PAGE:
cash = context.portfolio.cash * self.pct

        if current_price > 1.01*average_price and cash > current_price:

            number_of_shares = int(cash / current_price)

            order(self.security, number_of_shares)
            log.info("Buying %s" % (self.security.symbol))

        elif current_price < average_price:

            order_target(self.security, 0)
            log.info("Selling %s" % (self.security.symbol))

There was a runtime error.

Thanks David. A very elegant solution. I have been struggling with this problem for some time now with limited, although functioning, results.
How about implementing an indicator that uses a window of data, say the recent 30 days price? Do you have a suggestion how to include this in your solution?

Omar, I like to put any of those parameters in the classes init function. In handle data, you can add history with a larger number of days, and re-sample it down to the windows sizes you passed. That also makes it easy to pass specific parameters to different stocks if you'd like.

Clone Algorithm
122
Loading...
Backtest from to with initial capital
Total Returns
--
Alpha
--
Beta
--
Sharpe
--
Sortino
--
Max Drawdown
--
Benchmark Returns
--
Volatility
--
Returns 1 Month 3 Month 6 Month 12 Month
Alpha 1 Month 3 Month 6 Month 12 Month
Beta 1 Month 3 Month 6 Month 12 Month
Sharpe 1 Month 3 Month 6 Month 12 Month
Sortino 1 Month 3 Month 6 Month 12 Month
Volatility 1 Month 3 Month 6 Month 12 Month
Max Drawdown 1 Month 3 Month 6 Month 12 Month
# Quantopian Functions

def initialize(context):
    context.stocks = symbols('SPY', 'NFLX', 'GE', 'DIA', 'GLD')
    
    # Set the allocation per stock
    pct_per_algo = 1.0 / len(context.stocks)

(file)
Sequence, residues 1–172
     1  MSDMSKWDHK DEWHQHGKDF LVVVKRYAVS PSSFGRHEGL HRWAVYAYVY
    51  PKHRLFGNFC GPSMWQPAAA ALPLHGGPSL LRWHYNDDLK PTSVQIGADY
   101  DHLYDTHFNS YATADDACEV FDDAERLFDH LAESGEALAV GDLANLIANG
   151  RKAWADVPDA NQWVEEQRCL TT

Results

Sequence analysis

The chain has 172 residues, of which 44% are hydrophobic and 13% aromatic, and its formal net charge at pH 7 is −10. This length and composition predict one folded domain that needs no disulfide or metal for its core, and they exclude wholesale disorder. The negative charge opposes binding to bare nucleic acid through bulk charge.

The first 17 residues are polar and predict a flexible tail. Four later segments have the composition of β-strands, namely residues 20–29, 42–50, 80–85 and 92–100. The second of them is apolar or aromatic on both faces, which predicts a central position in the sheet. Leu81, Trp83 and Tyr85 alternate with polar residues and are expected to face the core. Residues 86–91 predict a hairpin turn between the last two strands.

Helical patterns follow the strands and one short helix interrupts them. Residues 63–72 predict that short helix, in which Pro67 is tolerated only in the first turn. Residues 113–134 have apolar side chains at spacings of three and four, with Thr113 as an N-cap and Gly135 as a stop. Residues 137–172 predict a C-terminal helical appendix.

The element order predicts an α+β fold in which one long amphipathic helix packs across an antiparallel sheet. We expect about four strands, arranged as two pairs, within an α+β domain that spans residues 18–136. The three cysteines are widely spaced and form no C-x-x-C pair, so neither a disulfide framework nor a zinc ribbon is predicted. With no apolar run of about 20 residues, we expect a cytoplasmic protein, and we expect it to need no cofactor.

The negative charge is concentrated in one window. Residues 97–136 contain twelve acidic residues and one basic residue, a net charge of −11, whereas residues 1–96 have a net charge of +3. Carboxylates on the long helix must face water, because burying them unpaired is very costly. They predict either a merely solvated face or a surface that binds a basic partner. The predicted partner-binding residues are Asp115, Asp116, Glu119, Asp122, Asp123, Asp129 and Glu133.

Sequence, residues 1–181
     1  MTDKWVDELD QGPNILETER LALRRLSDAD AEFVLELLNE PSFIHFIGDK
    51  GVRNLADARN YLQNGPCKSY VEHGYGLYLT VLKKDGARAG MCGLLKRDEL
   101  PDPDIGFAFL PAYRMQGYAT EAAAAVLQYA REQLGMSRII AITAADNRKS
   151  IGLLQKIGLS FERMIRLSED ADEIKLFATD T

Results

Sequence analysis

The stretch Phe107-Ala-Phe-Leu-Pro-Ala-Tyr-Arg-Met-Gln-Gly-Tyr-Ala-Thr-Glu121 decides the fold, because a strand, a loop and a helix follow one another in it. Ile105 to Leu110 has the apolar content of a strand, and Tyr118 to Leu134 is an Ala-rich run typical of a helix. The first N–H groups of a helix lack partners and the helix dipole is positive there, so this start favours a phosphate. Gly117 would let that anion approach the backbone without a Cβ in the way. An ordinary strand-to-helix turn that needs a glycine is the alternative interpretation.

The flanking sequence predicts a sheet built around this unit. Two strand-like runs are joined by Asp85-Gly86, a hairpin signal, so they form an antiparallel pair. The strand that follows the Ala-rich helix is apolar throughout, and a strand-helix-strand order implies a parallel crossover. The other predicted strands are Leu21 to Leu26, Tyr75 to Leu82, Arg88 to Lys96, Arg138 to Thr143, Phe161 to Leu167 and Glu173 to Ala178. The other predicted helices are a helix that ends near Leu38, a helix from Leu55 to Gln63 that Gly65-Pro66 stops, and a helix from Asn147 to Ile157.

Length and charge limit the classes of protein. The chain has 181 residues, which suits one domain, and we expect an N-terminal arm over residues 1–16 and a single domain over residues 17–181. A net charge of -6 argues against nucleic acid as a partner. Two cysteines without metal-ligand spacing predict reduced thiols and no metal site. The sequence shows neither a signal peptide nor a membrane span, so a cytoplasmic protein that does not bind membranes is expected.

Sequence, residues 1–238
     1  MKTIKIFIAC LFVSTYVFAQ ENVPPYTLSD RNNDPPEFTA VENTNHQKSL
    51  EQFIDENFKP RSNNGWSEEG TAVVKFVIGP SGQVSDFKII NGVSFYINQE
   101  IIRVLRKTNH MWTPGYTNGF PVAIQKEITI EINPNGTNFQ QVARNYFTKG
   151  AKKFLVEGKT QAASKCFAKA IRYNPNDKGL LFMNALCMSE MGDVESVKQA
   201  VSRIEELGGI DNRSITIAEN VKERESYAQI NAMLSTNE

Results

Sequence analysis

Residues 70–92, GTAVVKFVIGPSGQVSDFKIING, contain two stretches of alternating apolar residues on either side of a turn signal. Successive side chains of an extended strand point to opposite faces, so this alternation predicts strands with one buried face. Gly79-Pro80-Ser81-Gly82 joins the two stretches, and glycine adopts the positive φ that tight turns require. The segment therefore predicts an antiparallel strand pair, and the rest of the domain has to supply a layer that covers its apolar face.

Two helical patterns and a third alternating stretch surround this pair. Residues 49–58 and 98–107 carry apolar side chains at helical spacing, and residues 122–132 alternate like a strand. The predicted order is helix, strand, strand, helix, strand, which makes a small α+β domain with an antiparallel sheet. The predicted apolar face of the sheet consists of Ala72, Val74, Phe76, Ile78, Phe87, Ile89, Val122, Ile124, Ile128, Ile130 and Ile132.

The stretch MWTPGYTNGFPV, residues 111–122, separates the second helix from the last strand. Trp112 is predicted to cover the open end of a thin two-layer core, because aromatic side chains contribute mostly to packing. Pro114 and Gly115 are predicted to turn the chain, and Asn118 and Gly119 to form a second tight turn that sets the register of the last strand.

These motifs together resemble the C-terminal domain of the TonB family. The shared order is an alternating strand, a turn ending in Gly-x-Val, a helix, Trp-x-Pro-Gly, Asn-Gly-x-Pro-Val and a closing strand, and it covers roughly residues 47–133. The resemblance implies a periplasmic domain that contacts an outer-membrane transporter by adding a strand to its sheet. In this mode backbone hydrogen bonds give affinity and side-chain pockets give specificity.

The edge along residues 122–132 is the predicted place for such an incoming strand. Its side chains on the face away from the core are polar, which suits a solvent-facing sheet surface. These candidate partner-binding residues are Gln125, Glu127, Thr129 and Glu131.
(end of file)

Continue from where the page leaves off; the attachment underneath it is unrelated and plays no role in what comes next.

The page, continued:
# Make a separate algo for each stock.
    context.algos = [MovingAverage(stock, pct_per_algo) for stock in context.stocks]


def handle_data(context, data):
    # Call each individual algorithm's handle_data method.
    for algo in context.algos:
        algo.handle_data(context, data)
        
        
        
# This is the original algorithm but it has been turned into its own class 
# with its own handle data method. Now you can create multiple instances of it.

class MovingAverage(object):
    
    # Initialize with a single stock and assign a proportion of the account.
    def __init__(self, security, pct_of_account, ma_window=20):
        self.security = security
        self.pct = pct_of_account
        self.ma_window = ma_window
        
    def handle_data(self, context, data):
        if get_open_orders(self.security):
            return
        
        prices = history(200, '1d', 'price')[self.security]
        
        average_price = prices.iloc[-self.ma_window::].mean()
        current_price = data[self.security].price
        
        # Adjust the cash by the proportion allocated to this stock
        cash = context.portfolio.cash * self.pct

        if current_price > 1.01*average_price and cash > current_price:

            number_of_shares = int(cash / current_price)

            order(self.security, number_of_shares)
            log.info("Buying %s" % (self.security.symbol))

        elif current_price < average_price:

            order_target(self.security, 0)
            log.info("Selling %s" % (self.security.symbol))

There was a runtime error.

Thanks David, That is a neat solution.

Thank you for this elegant solution David.

Thank you David